Pen and paper RPGs edution already a dwindling subset of geekdom, and everything has taken a chunk out of it. Everyone except SJG, that is. Basic Set Characters, at number Coincidentally, the first available report was inthe year 4th edition came out. Maybe you try out some casual dice games as well, or some other card games, or a board game eep.


Or maybe you try to tap into that online gaming market… hey, how long as Ultracorps been in beta? Their market strategy has certainly shifted completely toward the profitable at the moment products they make, which is pretty much Munchkin.

But why life bother putting out a product like the 4th edition when it so clearly does nothing to expand your market base? Still, things have improved. 3re contrast, my friend Randy once wrote a nifty program to track battle statistics and build character sheets, and sent an inquiry to SJG probably in the early s about distributing it for free. Needless to say, he dropped it and devoted his time to less asinine projects.

Note that they only got around to posting a sensible policy inright about the gurpw that nobody cared. However, it could happen. And since SJG seems unwilling to put new player game aids or adventures into the market at least into any market rdition anybody might find themmaybe it makes sense to publish some online. Maybe even one of those missing solo training adventures. Maybe some critters that new GMs can drop into an adventure right away.

You can also try on Roll20 or the MapTool fora. Someday, I think it may be possible for player-created material to do the job that SJG has not, and that is to make GURPS accessible enough so that players might actually want to play it instead of being frightened away by clumpy lists of skills that have nothing to do with each other and fanboys debating the difficulty modifier appropriate to isolate the Higgs Boson.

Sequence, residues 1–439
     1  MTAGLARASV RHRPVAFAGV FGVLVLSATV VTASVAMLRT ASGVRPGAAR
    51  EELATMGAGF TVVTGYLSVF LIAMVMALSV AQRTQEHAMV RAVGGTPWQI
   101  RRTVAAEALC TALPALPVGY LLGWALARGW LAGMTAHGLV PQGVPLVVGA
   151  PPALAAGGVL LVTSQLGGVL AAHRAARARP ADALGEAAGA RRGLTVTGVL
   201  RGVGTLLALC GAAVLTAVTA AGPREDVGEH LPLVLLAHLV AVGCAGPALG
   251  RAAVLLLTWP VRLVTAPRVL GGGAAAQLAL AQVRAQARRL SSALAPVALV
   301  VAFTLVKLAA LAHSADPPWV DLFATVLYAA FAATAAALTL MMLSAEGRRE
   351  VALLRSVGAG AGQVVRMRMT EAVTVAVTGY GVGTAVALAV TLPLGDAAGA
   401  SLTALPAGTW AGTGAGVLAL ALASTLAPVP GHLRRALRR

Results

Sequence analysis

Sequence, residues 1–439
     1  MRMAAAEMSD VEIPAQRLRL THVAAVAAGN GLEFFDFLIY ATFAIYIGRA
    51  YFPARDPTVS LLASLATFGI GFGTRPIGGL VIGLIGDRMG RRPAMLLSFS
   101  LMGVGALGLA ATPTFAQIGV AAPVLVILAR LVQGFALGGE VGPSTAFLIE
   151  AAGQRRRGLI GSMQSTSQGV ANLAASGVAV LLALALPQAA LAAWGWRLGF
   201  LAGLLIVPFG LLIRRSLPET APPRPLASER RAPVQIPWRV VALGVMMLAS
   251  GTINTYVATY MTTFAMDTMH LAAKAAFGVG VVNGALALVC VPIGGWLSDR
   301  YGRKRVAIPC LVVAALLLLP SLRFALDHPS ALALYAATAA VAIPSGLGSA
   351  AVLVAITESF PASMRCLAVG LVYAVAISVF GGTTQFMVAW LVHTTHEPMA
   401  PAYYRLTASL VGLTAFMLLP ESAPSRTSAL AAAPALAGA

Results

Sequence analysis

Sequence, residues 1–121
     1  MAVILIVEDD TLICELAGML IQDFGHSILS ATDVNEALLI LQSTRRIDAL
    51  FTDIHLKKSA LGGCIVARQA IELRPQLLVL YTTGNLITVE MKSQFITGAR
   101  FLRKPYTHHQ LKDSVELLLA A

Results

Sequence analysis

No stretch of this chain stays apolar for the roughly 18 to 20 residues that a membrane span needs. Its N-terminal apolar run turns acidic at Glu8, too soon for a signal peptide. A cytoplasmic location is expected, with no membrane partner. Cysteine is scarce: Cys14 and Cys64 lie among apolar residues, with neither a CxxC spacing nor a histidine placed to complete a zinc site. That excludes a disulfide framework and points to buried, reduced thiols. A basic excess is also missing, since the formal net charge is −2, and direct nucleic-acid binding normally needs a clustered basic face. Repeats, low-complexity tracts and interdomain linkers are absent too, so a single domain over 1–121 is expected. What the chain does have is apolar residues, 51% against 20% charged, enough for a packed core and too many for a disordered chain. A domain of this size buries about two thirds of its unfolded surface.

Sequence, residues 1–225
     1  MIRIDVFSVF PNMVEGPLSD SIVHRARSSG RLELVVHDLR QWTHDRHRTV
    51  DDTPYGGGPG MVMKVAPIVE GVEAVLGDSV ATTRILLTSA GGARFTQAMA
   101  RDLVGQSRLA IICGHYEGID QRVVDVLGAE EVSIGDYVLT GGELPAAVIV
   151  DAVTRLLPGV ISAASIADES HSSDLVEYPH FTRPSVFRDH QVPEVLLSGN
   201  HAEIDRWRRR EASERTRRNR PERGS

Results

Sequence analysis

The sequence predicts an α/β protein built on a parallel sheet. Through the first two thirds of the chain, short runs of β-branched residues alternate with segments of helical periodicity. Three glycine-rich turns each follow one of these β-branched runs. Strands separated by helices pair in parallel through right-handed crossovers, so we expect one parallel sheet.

This entry was posted on Tuesday, October 22nd, at You can follow any responses to this entry through the RSS 2. You can leave a responseor trackback from your own site. I linked to it with comments on my blog, with the following intro: So, while my next posts will get back to the rules and tweaks that I enjoy making, I thought his post was well worth linking to, and it inspired some of my own thoughts on how to make GURPS better.

In a reddit thread I started on the topic, I proposed a publishing-level solution that is practical and removed the burden of rules reduction from the new GM, giving him a complete ruleset that works within a genre with the seeds of flexibility. I think this makes more sense, since the reductivity of the GURPS ruleset is barrier 1 for new customers. The secret is to control the level of buy in required to get their interest. Here is what I do: Create worlds that work well with the players having imperfect understanding of the rules or what is going on.

Put lots of hooks in to make them fascinating and to give the players lots of space to create characters.

Converting 3rd Ed to 4th Ed + GURPS Lite question : gurps

Let them describe what their character does translate that into system for them. All they really need to know if during combat you can attack or defend.

Slowly phase in the combat rules first mainly the choices so they are making a conscious choice. The point is to give them some reward really early in the process.

Tweak it to fit the world not the system. Note this works much better with someone who has an open mind and it works best if you have an established group that someone is joining but I suspect I could convince a group of people to try a very basic complete GURPS game as long as I made the world fascinating with plenty of room for the player to create a character they liked. They are mostly being replaced with other forms of entertainment. MMORG, movies, skype etc. Yeah, I think Mu got the point, gurps marketing strategy, assuming they want to sell more books, is full of blunders, and he pointed them very well.

Instead of focusing on lessening the hardship of gurps learning curve, fourth edition efforts were directed almost exclusively to improve the coherence of the system. For those who already used to play the game, it was great news. But for newcomers and wannabes, it became twice as complicated getting into the game. I was introduced to GURPS back when the basic boxed set and the Fantasy book were first released, so I had a pretty friendly introduction.

It just looks too overly complex and frankly, uninspiring. I would love to see a fully developed fantasy setting supported by multiple regular GURPS book releases. Most of these chaps are fetishists on complexity and gritty bits.

As a veteran table-topper of many years, I had no objection. But they might not have the problem about voting me off the island. I think it was after the 12th failed attempt by 4 different people over the course of 3 weeks to make a spaceship that even functioned let alone functioned well enough to do what we wanted it to that ultimately drove us away.

How many kilojoules of power a battery has means nothing to me. Just tell me if I can make the damn ship go fast or not.